Sounds simple enough, doesn't it? GPUs have a so-called "pixel clock" which is actually programmable. And it gets even better: The VESA DMT timing standard asks displays to accept pixel clock variances of up to 5% - which is much bigger than we ever need! So if the video renderer could simply do infinitesimally small corrections to the pixel clock on the fly, all problems would be solved! Unfortunately neither the OS nor the GPU manufacturers offer any way to do small pixel clock corrections on the fly. Maybe nobody has thought that this might be useful? Or maybe there's the fear that if we exceed a certain amount of pixel clock modification, the display might consider that a refresh rate change and might resync? Anyway, sadly on the fly pixel clock corrections are currently not technically possible! (Let's not talk about FreeSync/GSync here, please.)
So if we can't do pixel clock adjustments on the fly, let's do them statically. And that's actually possible. So basically what we'll be doing is to measure the exact speed of the audio and video clocks and then tell the GPU to use a corrected/optimized pixel clock instead in the future. Easy peasy, no? Unfortunately, the pixel clock has a rather coarse raster. So while we can perform some improvements, we can't reach the desired perfection this way.
The final solution to the problem is that we don't stop at modifying the pixel clock, but we're modifying some other timing parameters, too. Specifically, we're modifying the horizontal and vertical "back porch" in addition to the pixel clock. You don't really need to know what a "back porch" is, it's enough to know that it's another timing parameter of a GPU output mode, and modifying it in addition to the pixel clock allows us to get near enough to perfection for our needs.
Let's take a moment to talk about how we can convince the GPU to use our modified timing parameters (pixel clock + back porches). We could use EDID overrides for that, which is what the "CRU" (Custom Resolution Utility) does. However, this method has some disadvantages which I'd like to avoid. So instead madVR uses private APIs provided by AMD, Intel and Nvidia, which allow madVR to define custom timing parameters for any GPU output mode.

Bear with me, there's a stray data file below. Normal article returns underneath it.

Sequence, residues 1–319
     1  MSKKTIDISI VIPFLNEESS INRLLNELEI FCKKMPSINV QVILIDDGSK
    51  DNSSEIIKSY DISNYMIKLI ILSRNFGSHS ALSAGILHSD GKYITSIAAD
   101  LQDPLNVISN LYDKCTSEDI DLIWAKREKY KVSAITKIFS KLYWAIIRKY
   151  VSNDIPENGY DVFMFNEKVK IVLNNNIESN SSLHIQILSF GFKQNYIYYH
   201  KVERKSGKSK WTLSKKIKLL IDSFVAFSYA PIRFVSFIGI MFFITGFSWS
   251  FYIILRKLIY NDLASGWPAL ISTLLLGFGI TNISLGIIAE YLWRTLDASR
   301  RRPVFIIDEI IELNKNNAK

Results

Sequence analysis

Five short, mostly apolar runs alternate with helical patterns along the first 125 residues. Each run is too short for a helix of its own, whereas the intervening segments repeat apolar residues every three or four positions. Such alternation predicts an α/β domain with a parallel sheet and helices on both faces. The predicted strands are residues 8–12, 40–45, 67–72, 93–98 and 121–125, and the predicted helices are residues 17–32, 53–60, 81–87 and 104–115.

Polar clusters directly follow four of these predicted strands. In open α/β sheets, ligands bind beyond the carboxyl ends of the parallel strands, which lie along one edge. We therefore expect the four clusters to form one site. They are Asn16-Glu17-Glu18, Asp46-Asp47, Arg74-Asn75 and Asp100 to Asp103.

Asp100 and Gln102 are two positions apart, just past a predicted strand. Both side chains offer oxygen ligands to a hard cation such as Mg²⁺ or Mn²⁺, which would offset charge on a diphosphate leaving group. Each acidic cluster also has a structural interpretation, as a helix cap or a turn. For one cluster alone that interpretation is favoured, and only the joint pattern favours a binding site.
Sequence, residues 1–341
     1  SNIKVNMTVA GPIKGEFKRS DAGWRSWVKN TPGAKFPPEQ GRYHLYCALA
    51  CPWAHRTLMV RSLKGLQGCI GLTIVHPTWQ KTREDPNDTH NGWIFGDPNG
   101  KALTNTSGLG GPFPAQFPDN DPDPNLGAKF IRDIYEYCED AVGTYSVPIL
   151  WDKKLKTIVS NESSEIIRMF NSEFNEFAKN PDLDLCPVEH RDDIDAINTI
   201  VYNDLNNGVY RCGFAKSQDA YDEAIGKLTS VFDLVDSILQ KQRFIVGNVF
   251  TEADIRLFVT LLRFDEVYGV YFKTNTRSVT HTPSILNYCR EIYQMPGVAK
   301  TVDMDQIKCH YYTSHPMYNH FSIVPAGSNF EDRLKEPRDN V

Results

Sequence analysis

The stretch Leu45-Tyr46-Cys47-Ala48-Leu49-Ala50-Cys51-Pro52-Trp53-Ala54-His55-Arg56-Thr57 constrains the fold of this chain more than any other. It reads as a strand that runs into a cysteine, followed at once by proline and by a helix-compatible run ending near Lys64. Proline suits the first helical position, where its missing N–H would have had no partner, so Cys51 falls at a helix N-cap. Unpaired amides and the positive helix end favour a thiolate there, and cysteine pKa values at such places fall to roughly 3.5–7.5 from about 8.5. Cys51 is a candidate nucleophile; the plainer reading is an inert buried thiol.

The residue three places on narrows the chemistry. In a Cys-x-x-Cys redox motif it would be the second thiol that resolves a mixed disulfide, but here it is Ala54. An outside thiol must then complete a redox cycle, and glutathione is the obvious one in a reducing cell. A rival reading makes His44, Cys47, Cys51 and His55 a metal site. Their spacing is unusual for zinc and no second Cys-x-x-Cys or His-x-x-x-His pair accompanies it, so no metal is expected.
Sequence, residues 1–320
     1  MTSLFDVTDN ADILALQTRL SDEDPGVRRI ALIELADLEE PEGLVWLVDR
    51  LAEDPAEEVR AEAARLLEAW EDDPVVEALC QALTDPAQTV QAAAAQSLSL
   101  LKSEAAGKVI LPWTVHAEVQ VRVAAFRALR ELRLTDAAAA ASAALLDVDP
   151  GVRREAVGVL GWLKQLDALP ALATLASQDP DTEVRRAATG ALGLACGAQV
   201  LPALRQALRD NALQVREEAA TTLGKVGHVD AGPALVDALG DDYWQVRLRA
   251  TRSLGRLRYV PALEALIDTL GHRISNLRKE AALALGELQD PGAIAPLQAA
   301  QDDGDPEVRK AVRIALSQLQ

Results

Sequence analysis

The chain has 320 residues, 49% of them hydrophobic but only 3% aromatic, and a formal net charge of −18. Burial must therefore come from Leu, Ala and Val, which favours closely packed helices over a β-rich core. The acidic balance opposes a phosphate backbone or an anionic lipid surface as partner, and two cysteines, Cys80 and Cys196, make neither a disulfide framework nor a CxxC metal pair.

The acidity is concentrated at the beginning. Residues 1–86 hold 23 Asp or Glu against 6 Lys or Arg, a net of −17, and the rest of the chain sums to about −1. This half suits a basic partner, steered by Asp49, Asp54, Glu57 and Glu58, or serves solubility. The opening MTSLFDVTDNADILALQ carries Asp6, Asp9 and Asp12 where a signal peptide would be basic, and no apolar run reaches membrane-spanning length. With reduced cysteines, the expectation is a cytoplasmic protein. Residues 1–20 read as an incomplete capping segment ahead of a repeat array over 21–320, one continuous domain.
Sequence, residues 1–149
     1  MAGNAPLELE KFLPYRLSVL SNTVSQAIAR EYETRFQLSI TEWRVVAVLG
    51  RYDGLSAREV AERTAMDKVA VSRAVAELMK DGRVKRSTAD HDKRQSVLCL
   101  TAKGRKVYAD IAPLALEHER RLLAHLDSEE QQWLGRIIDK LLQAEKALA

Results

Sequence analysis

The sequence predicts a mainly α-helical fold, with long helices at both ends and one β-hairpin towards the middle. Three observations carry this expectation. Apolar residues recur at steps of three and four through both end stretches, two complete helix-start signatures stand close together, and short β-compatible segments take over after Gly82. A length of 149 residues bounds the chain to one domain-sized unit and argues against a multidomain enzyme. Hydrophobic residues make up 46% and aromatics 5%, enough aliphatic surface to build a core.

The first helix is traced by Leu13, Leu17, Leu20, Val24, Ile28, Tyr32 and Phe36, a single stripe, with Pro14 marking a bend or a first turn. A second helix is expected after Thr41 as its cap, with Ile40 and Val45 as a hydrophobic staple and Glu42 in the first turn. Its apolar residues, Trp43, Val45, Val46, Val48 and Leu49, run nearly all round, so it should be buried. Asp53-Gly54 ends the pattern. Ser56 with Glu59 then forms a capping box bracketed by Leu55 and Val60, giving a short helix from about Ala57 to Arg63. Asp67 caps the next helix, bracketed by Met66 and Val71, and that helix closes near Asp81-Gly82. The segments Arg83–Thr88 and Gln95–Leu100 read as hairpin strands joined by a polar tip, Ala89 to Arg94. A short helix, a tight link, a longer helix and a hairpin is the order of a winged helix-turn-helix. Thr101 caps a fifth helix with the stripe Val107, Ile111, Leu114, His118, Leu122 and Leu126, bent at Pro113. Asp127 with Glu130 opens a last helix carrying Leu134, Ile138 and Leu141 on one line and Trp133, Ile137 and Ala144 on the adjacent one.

Unfortunately there's a catch to this whole concept: While finetuning the pixel clock is something that virtually any display will accept without hesitation, using different "back porches" is a gray area. Some displays will accept slighly modified back porches, others might not. In my experience there's a good chance it will work for most displays, but there's no guarantee. It's also somewhat of a "trial and error" approach, because it's hard to predict which combinations of back porches the display might like or dislike. So it's quite possible that you'll try some modes which don't work (the display will likely simply go black or report a non-supported mode).
DISCLAIMER: Digital displays should usually not break if you drive them with a mode they don't support. But this is not something I can guarantee, so use this functionality at your own risk!
Before we get busy, let's first have a quick look at the EDID (Extended Display Identification Data) block of my LCD monitor, which we will be working with in this tutorial: